One of the lessons I learned in an acute involuntary psychiatric facility is that the patient's intent is usually the opposite of the best treatment. A psychiatrist I work with has even humorously incorporated it into her repertoire, granting it the title "Wyman's Oppositional Treatment."
If you want to leave the hospital, it is likely you need to stay. If you want to stay, you should leave.*
If you don't want any medicine, you probably need it; if you demand medication, you probably shouldn't have it.
If you want to sleep we make you get up; if you want to stay up we make you go to sleep.
If you have to journal it's probably interfering with your recovery. If you refuse to journal it would probably do you some good.
The principle applies in all areas.
This is of course merely cynical, but it is based on a long career of noticing things, and when one takes it apart, it makes sense. If a person is admitted to a hospital in a crisis, it is because there is some conflict with your environment that is seriously interfering with your functioning. The point where you are rubbing up against the rest of the world, insisting that you are right and they are wrong, is the first place to check. This is trebly so when you have passed through several filters of family, friends, therapists, emergency rooms, police, or judges to land on our doorstep.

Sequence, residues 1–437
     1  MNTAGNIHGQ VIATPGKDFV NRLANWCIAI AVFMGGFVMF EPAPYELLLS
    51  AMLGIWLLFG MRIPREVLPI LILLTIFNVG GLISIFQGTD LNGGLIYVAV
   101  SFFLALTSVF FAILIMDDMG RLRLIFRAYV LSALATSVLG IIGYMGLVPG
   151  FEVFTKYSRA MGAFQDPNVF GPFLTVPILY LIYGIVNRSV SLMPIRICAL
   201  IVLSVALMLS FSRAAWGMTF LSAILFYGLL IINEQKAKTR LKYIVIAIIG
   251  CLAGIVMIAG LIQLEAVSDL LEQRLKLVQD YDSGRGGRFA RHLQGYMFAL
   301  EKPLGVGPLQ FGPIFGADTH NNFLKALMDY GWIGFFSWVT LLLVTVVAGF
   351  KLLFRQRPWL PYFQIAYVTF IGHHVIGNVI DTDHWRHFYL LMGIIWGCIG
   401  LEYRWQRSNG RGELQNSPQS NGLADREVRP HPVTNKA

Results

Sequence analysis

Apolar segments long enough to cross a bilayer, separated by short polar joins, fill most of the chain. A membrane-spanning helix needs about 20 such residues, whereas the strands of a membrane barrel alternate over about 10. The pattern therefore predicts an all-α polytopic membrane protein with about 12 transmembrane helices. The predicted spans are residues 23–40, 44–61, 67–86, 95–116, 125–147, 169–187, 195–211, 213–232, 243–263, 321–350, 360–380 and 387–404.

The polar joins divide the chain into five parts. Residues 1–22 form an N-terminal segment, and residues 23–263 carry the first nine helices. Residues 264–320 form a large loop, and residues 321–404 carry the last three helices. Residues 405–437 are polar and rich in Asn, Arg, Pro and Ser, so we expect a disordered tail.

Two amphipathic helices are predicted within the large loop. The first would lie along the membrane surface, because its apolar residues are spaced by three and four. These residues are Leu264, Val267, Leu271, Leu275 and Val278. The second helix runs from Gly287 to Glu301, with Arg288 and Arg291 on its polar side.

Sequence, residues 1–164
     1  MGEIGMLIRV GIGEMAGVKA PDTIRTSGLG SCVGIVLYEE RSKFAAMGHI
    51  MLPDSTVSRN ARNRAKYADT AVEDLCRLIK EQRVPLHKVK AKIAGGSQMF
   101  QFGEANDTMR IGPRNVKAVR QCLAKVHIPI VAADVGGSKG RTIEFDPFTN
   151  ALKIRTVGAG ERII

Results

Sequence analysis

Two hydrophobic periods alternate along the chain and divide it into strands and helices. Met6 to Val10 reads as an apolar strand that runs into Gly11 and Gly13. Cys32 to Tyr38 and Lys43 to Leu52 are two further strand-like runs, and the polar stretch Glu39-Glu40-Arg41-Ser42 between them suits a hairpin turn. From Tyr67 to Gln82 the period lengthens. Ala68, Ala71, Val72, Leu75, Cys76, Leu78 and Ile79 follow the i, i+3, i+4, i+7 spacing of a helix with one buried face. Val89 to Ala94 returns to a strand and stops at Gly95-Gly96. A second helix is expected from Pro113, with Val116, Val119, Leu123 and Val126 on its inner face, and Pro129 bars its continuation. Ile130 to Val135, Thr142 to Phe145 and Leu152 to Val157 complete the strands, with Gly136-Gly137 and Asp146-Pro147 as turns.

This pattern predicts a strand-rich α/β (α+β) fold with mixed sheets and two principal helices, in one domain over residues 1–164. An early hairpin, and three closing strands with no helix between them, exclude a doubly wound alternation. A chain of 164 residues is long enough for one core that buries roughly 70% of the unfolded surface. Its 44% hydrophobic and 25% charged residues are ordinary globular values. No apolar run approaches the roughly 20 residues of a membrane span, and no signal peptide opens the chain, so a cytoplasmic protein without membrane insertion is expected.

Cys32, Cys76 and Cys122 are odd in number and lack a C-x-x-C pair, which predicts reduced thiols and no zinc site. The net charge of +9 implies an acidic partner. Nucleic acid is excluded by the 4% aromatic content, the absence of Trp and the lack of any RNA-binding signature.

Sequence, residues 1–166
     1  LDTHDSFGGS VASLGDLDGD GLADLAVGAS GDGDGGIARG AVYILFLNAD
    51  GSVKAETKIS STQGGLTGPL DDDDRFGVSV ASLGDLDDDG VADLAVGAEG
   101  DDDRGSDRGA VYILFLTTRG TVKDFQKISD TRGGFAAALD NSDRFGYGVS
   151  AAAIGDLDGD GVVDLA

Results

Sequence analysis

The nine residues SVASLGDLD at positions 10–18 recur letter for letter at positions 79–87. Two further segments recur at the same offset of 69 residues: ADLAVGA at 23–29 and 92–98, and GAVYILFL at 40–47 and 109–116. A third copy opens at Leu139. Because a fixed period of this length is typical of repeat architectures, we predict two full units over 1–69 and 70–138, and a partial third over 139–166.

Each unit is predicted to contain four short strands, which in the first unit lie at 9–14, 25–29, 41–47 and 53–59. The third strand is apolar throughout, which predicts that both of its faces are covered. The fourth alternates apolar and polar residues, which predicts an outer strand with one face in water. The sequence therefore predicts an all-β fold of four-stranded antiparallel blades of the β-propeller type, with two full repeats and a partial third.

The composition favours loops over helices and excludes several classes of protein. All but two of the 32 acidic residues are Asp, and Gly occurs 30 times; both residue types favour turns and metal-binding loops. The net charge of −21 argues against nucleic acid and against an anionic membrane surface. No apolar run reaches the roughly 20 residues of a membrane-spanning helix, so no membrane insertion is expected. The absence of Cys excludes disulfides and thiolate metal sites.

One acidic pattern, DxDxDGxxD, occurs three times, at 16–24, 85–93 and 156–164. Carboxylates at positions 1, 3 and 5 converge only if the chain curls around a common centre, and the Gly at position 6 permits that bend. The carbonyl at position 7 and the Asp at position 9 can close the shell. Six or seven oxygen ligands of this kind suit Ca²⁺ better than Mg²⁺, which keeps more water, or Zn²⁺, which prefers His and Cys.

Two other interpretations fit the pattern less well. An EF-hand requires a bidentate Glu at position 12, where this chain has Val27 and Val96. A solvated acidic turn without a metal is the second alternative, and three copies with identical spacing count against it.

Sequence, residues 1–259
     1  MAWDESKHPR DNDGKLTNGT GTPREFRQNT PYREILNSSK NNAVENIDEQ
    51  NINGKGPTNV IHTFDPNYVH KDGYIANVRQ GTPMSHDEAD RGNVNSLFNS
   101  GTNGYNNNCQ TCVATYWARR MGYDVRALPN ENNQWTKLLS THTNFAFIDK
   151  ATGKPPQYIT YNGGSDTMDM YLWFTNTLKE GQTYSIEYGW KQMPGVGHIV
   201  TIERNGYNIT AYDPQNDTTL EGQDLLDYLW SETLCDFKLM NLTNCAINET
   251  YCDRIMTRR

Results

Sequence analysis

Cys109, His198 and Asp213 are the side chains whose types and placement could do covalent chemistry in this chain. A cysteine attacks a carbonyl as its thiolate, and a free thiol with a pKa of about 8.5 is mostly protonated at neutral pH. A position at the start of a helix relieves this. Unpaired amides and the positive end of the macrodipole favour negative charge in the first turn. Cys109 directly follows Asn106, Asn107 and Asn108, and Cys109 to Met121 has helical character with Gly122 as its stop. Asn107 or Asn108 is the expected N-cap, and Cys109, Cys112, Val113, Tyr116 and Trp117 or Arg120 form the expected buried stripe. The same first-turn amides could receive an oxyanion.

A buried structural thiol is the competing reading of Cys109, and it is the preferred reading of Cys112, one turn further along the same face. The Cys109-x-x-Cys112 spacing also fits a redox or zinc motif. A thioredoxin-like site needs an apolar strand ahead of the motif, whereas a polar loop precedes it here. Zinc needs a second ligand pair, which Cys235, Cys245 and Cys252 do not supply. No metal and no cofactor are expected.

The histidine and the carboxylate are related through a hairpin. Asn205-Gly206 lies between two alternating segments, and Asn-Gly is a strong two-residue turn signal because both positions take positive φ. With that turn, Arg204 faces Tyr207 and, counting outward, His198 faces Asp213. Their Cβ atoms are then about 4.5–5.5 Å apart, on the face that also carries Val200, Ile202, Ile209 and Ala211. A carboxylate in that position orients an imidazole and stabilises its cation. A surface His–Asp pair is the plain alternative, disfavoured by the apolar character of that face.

I thought of this today during our panel-discussion sermon when an APRN talked about how to decide when a teenager's isolation and anxiety were just normal developmental events and when they were signs of something more serious. My knee-jerk reaction is that most everyone will choose wrongly, steering the wrong kids toward therapy and and away from therapy. We often only see these things clearly in retrospect: "I didn't go to a counselor then, thinking I could handle it on my own, but looking back, I probably should have gone," versus "I went to a counselor for over a year and I learned some things, but I don't think it made much difference."
The best outcome is to guess right the first time. The second-best outcome is to figure out on your own that your first guess was wrong, and to switch to your second guess. For the record, second guesses are not necessarily opposites. They can be 12-Step groups, changing jobs, or moving to Montana. But don't ignore the direct opposite solution. When I was a young man, I started to avoid visiting or talking to my mother because I thought she disapproved of my choices and thought me a bit of a failure. (This was somewhat true. She did disapprove and was disappointed.) Yet applying the oppositional strategy worked. I invited her down to visit for almost a week, and she came away much more comfortable with the choices Tracy and I were making, even if not quite agreeing.
*If you ever get put into a psychiatric hospital against your will, this is a good trick to know. Tell them you think you need a long admission to work on all your issues. This strikes fear into the hearts of psych nurses, who will rapidly become your fiercest advocates for discharge.